Is it like "Those People"?


In that case, no, I would not tell my child to "stay away". I would kiss my child before school and warmly say, "Have a great day today babe, and be a smart girl, ok?"

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answers from Portland on

First, I would likely not tell my child 'not' to play with 'that child'.

That said, I would caution my child on *how* he plays with another child if I saw that other child doing unsafe things or getting other kids into trouble.

For instance, if little Bobby is always getting my son's attention so that he's distracted at school, I'd remind my son of his classroom rules. "When Bobby is making you laugh, is he helping you to learn? Is he letting the teacher teach?" and then "Next time, you can tell Bobby 'I'll play with you at recess, but right now I have to listen to teacher'."

If Bobby is hitting, then that's something to talk about. "I notice that Bobby hits other kids. Do you think they like that?"

"If you see Bobby being unsafe with his body, it's a good idea to go and do something else. Even if Bobby is acting like it's fun, it's not fun for the other kids, and you know you need to be safe for other people's bodies. There are other kids who can play in a friendly way."

My son is in kindergarten, by the way. The only time I would really go out of my way to even address something like this is if the teacher brought it to my attention that my child and that other child were being in an unsafe or disruptive manner. If my child were the one causing problems, I'd want to know. I think it's really important to label the actions (unsafe, not helpful, etc.) without labeling the kid. These children will be in each other's classrooms for years, and I would personally NOT want to be the mom of the kid that's labelled 'bad'.... I imagine that I should treat any other mom's kid with that save respect. Lots of kids go through hard phases during their school years. Phases can last a few weeks or month, or even a year or two. At my son's school, we're all together from k-8 as parents, so we're going to be seeing a lot of each other. :)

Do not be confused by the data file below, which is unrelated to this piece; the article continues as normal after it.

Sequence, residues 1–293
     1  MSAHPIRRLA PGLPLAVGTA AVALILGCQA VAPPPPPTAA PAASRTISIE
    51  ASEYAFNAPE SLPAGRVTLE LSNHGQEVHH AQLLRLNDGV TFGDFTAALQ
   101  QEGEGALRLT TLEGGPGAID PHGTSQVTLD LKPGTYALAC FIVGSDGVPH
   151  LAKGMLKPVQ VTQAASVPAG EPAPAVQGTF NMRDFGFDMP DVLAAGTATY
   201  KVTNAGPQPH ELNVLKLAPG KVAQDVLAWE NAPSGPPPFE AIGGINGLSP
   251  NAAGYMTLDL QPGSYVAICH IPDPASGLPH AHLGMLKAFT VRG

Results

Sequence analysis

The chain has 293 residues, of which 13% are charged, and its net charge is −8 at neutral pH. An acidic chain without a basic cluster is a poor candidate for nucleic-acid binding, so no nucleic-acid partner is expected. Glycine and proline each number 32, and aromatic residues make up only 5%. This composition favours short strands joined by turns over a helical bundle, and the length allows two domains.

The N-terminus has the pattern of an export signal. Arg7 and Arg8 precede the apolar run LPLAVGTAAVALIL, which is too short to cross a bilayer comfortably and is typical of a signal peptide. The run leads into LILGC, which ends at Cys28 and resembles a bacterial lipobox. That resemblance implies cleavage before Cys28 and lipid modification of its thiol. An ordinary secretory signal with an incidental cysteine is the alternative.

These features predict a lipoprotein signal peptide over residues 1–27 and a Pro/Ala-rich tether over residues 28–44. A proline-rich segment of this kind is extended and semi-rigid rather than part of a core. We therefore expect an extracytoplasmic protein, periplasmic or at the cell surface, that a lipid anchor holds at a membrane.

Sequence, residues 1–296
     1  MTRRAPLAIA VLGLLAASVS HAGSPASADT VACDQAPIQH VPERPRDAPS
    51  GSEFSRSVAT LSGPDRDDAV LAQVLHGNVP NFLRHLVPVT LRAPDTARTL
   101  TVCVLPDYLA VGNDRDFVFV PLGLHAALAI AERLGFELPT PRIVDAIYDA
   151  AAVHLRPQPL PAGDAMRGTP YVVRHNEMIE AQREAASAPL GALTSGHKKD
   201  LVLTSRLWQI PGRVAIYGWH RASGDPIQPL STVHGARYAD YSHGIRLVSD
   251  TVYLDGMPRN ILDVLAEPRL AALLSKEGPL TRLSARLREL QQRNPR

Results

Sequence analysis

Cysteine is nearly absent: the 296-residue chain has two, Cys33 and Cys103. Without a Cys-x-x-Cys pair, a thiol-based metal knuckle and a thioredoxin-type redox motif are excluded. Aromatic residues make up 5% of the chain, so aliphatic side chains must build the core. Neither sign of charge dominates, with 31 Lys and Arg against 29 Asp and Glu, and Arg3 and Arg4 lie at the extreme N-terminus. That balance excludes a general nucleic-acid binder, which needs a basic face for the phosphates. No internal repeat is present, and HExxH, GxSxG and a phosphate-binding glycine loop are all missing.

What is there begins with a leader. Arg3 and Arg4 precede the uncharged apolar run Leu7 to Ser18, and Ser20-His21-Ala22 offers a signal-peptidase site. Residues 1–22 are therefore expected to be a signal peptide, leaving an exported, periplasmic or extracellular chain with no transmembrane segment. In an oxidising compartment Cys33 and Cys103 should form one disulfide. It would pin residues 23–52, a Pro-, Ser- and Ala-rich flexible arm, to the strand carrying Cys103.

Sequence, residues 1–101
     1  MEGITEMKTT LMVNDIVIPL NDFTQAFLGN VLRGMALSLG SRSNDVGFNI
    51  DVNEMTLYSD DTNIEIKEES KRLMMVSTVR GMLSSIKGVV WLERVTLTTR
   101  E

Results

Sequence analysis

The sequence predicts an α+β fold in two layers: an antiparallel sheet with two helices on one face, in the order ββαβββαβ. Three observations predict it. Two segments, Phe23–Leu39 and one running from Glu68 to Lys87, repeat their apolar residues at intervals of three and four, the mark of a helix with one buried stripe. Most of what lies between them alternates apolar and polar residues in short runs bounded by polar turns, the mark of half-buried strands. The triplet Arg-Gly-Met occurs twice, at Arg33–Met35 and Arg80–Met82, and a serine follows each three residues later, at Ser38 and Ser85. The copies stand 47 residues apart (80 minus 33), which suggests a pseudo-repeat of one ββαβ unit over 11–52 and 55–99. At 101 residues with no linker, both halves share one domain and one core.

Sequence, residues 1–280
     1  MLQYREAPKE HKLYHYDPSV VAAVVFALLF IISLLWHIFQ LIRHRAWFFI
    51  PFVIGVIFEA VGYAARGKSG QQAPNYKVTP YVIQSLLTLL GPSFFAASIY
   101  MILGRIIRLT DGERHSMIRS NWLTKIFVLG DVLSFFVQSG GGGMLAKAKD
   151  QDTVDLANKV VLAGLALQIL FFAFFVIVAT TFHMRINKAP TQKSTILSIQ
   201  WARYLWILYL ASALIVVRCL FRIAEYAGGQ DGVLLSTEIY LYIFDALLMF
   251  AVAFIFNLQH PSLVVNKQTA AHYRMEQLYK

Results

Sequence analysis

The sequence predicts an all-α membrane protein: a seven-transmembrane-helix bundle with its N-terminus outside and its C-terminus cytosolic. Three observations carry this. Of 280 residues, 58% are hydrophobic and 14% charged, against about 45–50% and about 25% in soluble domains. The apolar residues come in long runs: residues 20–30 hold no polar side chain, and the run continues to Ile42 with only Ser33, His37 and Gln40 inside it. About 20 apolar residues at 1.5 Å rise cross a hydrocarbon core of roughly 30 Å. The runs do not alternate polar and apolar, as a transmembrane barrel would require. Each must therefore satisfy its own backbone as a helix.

5 moms found this helpful


answers from Grand Forks on

I don't tell my kids to stay away from any kids at school. If the other child is mean, or violent or a bully I trust that my kids will figure this out for themselves. I would rather they gave another child the benefit of the doubt. In fact my younger son regularly plays with a boy who has autism and behavioural problems. When his friends behaviour gets out of control my son will walk away from the situation and get an adult. How sad would it be if that boy never had anyone to play with because other parents stopped their children from playing with him. I imagine the behavioural problems would be that much worse.